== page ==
Brookfield Property (NASDAQ: BPY)(NASDAQ: BPYU) is the latest retail landlord making a move to help offset the effect of the worsening retail apocalypse. While the global property giant has yet to cut its dividend, it has now joined mall-owning peers like Simon Property (NYSE: SPG) in laying off staff. That move will better align its workforce with the future scale of their portfolio, according to an email obtained by CNBC from the group's retail CEO Jared Chupaila.
It's a sign that the company sees a tougher road ahead for the retail sector, which suffered a huge blow this year as COVID-19 accelerated the shift toward e-commerce. However, it doesn't mean the company sees no future for physical retail, which is clear by some of its other moves this year.
Realigning with the new reality
Brookfield Property plans to downsize its retail-focused workforce by about 20%, according to a report by CNBC. The reductions would occur at its corporate headquarters and its leasing offices.
The company had held out longer than many of its retail-focused peers in reducing its workforce. For example, Simon furloughed 30% of its workforce in March when it shut all its U.S. malls. It also permanently laid off some of its staff, temporarily reduced some of its employees' base salaries by 10% to 30%, and cut CEO David Simon's salary to zero while deferring his 2019 bonus until market conditions improved.
Brookfield, on the other hand, made the conscious decision to keep all their team employed while they gained a better understanding of its longer-term impact on their company, according to the email from Chupaila. However, during that time, the company realized that a staffing realignment is necessary, given what it sees ahead for the retail sector. With the pandemic not only affecting retailers but also dining and entertainment companies, the company's properties likely face a long road ahead as they try to fill an increase in vacant space. As such, it won't need as many leasing agents nor corporate personnel to oversee redevelopment projects aimed at turning more of its malls into mixed-use live, work, stay, and play properties.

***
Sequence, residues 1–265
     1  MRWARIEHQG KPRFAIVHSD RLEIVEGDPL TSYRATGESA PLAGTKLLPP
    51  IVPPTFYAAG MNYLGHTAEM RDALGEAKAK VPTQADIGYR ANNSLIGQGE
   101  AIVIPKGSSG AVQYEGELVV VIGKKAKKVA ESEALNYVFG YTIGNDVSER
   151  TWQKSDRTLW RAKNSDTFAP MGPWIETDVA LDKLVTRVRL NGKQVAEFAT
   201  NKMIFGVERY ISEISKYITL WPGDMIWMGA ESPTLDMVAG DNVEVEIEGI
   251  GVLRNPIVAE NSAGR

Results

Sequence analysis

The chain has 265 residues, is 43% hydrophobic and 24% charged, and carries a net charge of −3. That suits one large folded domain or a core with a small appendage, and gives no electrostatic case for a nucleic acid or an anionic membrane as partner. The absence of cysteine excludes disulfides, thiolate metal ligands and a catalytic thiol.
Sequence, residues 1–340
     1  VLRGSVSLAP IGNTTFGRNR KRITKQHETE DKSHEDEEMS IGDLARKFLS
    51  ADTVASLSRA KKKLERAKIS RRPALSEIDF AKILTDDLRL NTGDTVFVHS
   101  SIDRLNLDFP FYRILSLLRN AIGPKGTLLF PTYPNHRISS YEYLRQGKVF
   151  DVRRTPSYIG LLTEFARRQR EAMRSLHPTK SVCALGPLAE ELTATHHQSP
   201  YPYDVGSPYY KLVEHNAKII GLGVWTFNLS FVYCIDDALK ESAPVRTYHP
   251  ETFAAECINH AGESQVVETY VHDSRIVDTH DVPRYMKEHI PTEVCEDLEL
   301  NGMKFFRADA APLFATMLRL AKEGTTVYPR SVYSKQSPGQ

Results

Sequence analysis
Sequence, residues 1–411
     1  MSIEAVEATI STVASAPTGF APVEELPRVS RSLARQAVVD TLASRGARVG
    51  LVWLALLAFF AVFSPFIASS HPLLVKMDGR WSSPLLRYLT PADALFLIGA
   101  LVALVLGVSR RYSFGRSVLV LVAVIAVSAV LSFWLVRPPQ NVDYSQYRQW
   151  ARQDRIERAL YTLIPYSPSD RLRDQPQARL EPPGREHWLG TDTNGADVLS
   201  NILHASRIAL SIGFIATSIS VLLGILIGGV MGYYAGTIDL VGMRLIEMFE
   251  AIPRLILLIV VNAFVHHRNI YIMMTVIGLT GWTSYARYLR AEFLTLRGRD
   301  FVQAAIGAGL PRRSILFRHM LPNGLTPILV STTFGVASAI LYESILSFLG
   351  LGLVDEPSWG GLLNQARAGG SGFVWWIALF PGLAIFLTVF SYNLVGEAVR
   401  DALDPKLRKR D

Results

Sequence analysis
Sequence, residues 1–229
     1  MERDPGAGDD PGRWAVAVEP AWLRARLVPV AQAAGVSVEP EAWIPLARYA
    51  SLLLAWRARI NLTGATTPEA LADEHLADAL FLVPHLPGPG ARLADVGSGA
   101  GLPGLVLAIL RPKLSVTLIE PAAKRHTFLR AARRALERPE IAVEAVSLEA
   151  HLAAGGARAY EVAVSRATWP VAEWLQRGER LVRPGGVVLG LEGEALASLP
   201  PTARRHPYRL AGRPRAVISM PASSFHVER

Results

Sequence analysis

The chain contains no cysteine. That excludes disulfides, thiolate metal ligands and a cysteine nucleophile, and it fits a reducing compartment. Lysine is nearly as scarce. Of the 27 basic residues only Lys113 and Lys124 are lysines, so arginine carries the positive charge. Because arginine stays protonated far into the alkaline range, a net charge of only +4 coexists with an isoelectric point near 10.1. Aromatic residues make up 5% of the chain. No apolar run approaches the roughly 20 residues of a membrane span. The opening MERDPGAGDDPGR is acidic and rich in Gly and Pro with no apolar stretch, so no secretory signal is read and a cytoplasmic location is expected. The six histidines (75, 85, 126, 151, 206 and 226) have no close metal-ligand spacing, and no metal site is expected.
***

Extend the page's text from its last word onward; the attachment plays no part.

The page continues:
Still betting on retail's future
While Brookfield expects more challenges ahead for retailers in the near-term, it also sees opportunities. Earlier this year, the company's parent, Brookfield Asset Management (NYSE: BAM), and some partners launched a $5 billion Retail Revitalization Program to help recapitalize retail businesses in major markets. Through the program, Brookfield would make non-control investments in retailers, giving them the funding to reduce debt and other financial burdens so they don't need to reorganize in bankruptcy. That program would strengthen its tenants so they can continue paying rent to its mall properties.
Meanwhile, Brookfield Property recently partnered with Simon on a bid to rescue bankrupt retailer J.C. Penney (OTC:JCPNQ). The $800 million deal would enable the retailer to keep 650 stores open and preserve 70,000 retail jobs. It would also prevent other tenants from exercising co-tenancy clauses that would allow them to renegotiate their lease or vacate their space if an anchor tenant like J.C. Penney closed its doors. Similarly, the acquisition would give Brookfield and Simon more control over J.C. Penney's real estate, which they could repurpose in the future if they did close stores.
Simon and Brookfield have had some success with their strategy to buy bankrupt retailers as they turned around Aeropostale with the help of apparel licensing company Authentic Brands Group. They're aiming to repeat that success with Forever 21 and now J.C. Penney.
A long road to recovery
Brick-and-mortar retailers were already struggling mightily before COVID-19 forced many to temporarily shut their doors, which left consumers with no choice but to do more of their shopping online. That acceleration in e-commerce will likely have a lasting effect on the industry, which is why Brookfield is trimming its staff to better align it with current market conditions. However, what's clear from its other moves is that the company still believes that physical retail has a future, which is why it's doing what it can to help more of its tenants survive so that they can thrive once the pandemic subsides.